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Anyone Experience This? (Read 165 times)

jim1030


    I occasionally experience (as best as I can explain it) a sudden empty stomach feeling usually about 2-3 miles into my run.  No stomach upset or cramps or anything, it just feels like I havent eaten in 3 days. I'll be running at a pretty typical pace for me, and all of a sudden, my stomach feels completely empty and my legs lose all energy.  Sometimes I can run/walk for a mile or so and it goes away, sometimes it doesnt go away. It doesnt appen all the time. It's probably happened about a dozen times in the past year.

     

    I usually eat a Kashi bar (about 15min - 30min before my run) and coffee before I head out for my run, and I dont experience any problems. I dont keep any logs or anything, but, it seems to happen most frequently (although not exclusively) when I eat oatmeal for breakfast. I've been trying different foods for breakfast because I'm getting pretty bored eating Kashi bars all the time.  Today, it was hot oat bran with some peaches mixed in about 45 minutes before my run. I dont experience any problems having oatmeal for breakfast on days that I dont run.

     

    I know the easiest solution is to stay away from oatmeal before a run......

     

    Has anybody experienced this?  Does anybody know what this is trying to tell me?  It's kinda making me nuts!

     

    thanks!


    Needs more cowbell!

      I don't get this very often while running, but I've had it come on maybe an hour into a bike ride, even if I ate an hour or two before heading out.  It's generally a random, unpredictable thing.

       

      Given the highly carby nature of the foods you're eating pre-run, perhaps try something with some protein and/or fat...like some PB or an egg, or some cheese, or a handful of nuts.  That might help.  Sometimes the high-carb foods can lead to rapid drops in blood sugar, which can really give some off-the-chart hunger pangs for a lot of us.

      Kirsten - aka "Auntie Kirsten"

      '14 Goals:

      • 2 olympic distance duathlons -- 6 days apart -- PR at least 1

      • 130#s (and stay there, gotdammit!)

        You might experiment with not eating carbs closer than 3 hours before a run. Eating candy bars (all energy bars are candy bars) or a bowl of carbs like oatmeal right before a run like that puts you right into a sugar-burning, insulin producing mode. Not good for some people that close to a run or a race. In some people, it can cause cramps in hard runs, including races. I know there's a ton of advice out there to eat carbs right before a run, and probably some research to back it up (there always is), but I've also read research that states the opposite (there's always the opposite, too).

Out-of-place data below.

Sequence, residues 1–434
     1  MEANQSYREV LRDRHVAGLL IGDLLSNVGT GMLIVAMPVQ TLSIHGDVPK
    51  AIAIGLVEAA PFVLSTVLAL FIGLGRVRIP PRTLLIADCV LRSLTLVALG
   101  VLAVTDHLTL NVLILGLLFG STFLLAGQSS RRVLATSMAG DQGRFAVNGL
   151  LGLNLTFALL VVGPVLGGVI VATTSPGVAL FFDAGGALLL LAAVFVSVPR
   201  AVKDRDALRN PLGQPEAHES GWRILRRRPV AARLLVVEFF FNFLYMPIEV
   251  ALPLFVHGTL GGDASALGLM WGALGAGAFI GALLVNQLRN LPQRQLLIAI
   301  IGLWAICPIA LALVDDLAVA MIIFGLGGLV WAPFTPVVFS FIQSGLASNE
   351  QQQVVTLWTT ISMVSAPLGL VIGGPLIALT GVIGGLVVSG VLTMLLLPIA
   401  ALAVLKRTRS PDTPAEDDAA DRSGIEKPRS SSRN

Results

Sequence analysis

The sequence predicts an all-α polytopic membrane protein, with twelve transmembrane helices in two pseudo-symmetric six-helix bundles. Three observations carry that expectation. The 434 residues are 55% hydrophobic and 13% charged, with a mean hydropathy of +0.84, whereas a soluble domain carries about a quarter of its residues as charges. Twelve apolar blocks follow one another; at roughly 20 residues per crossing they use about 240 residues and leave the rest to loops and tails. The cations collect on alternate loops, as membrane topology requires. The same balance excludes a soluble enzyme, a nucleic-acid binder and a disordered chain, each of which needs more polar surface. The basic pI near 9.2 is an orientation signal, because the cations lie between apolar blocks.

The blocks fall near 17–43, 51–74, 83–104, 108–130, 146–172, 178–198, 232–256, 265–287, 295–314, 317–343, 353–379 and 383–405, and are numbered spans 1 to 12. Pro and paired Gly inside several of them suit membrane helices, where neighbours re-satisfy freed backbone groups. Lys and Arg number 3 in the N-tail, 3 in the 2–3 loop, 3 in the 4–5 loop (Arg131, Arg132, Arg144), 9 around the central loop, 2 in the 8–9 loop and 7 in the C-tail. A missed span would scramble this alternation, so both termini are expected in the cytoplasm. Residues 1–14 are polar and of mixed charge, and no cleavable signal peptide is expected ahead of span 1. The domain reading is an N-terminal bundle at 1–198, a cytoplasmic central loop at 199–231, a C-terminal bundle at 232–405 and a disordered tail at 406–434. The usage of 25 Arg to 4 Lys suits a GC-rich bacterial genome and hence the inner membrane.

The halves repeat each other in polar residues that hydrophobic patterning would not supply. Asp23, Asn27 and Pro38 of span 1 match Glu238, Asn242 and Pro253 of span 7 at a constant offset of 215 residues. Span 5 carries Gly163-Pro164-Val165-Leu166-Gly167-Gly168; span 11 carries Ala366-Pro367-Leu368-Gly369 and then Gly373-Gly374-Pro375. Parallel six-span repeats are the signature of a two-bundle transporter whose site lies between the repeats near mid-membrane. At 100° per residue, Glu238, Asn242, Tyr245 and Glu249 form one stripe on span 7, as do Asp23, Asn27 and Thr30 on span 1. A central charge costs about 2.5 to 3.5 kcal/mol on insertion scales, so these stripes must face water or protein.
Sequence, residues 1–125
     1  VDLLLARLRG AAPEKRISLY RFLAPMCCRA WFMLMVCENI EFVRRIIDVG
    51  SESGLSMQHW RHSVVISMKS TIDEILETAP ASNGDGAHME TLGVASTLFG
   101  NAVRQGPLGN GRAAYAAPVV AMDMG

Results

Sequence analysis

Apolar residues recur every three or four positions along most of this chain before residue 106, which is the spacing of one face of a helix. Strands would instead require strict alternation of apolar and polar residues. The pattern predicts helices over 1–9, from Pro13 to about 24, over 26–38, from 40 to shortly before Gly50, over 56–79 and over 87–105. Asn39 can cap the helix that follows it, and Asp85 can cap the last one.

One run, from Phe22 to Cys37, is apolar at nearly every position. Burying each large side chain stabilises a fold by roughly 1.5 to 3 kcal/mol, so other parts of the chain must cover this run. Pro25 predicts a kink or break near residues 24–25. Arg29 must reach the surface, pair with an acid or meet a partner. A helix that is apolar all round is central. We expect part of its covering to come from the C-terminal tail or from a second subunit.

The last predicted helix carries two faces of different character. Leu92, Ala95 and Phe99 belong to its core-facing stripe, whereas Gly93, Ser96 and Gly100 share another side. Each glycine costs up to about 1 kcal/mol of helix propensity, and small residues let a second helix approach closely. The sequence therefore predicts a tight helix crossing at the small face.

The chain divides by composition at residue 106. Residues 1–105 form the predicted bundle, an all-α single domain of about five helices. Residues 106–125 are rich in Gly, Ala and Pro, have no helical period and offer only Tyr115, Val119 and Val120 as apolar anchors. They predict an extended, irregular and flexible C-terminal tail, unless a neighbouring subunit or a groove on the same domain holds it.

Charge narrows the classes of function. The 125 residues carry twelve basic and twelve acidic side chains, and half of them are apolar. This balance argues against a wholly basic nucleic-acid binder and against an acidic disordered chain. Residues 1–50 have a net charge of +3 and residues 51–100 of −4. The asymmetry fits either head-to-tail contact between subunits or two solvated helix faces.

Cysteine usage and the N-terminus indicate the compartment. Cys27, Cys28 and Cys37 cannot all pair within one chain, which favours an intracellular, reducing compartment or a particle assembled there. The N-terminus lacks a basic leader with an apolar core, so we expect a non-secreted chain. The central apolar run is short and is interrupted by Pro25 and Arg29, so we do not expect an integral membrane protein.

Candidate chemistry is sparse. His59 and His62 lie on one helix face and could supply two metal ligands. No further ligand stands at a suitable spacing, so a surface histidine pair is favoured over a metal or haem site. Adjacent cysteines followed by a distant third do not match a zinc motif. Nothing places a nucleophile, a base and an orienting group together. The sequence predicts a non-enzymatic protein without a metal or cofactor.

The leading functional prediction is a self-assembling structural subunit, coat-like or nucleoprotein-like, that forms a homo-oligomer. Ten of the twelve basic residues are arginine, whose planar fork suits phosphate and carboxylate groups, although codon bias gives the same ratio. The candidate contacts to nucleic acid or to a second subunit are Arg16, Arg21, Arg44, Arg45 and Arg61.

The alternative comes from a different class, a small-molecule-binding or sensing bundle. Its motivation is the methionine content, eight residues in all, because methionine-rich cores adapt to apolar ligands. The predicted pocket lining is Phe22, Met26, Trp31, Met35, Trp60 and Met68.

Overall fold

My experience has also been that it's better not to eat closer than 3 hours before a run. I've done four-hour long runs on empty stomach with no crashing of any kind, keeping at an effort that burns primarily fat. For marathons, I'd get up 4 hours before race time and have a small meal, then go back to sleep. Then I don't eat anything until about 40 minutes into the race. Ran mostly no-wall marathons doing this. Even if I start a run when I'm hungry, the hunger usually subsides. Give not eating, or not eating so close, a try. You'll feel lighter, no food in your stomach to be churning, and it might get rid of these crashes you're having. Experiment. What you're doing now doesn't work. Perhaps the answer lies somewhere in between what I'm offering up and what you're currently doing. It's always at least a little different for every runner.

         

        One of the purposes of aerobic training is to get the body to get faster while using fat as fuel. There is some evidence that not eating before a long run can aid in teaching the body to use fat

         

        Good luck!Cool

        log   prs      Crusted Salt comic #141

         

        Enric Hilversum


          I think it's called Insulin hypersensitivity or commonly "Sugar dip"

           

          I had it too before running.

           

          As I understood it it's a very light fluctuation in the insulin levels but that your body makes a whole drama of. I had it a few times when taking supplements that contain artificial sweeteners as it seems that your body "believes" these to be true sugars and when it finds out there are less of the stuff as what it expected it just calls in an artillery strike... even if the amounts are minute.

          In my case they almost disappeared once I knew the cause even when consuming supplements which happen to contain saccharine or the like.

          Nothing serious in any case. Try carrying a mint or something sweet. A gel would be overkill but it's a good option too f you don't mind the extra 2-300 calories Wink

          Julia1971


          All in for Boston

            I may not be understanding your question or concern. I wouldn't think it's that unusual for morning runners to feel hungry sometimes during their runs. They've just gone hours and hours without a real meal. I do find, though,that certain foods trigger hunger for me more than others. For me, it's fruit. I don't eat it before runs because I'll feel starving in about the time frame you're describing. I stick to bready things - bagels, toast, fig newtons, etc. I would like to be an oatmeal person but it never takes. As far as loosing energy, I would guess that has more to do with what you had for dinner and your training regime (are you starting out too fast, for example). And as you say, you don't loose steam everytime, so there's probably more going on than just what you had 15 minutes before. But, I'm just guessing.